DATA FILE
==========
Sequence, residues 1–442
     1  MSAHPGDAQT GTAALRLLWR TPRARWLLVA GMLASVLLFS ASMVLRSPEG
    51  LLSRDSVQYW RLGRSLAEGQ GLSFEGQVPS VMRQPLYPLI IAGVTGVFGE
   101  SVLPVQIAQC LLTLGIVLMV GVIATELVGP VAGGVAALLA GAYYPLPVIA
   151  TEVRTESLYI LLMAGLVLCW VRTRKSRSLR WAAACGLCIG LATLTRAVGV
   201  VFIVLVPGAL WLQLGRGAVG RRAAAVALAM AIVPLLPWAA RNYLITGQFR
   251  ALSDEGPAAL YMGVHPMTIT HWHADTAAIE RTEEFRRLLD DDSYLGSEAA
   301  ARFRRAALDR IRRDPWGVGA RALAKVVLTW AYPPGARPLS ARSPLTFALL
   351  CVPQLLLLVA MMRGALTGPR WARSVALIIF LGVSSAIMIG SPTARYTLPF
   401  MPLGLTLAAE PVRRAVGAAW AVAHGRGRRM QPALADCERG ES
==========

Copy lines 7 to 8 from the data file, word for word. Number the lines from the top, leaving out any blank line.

   251  ALSDEGPAAL YMGVHPMTIT HWHADTAAIE RTEEFRRLLD DDSYLGSEAA
   301  ARFRRAALDR IRRDPWGVGA RALAKVVLTW AYPPGARPLS ARSPLTFALL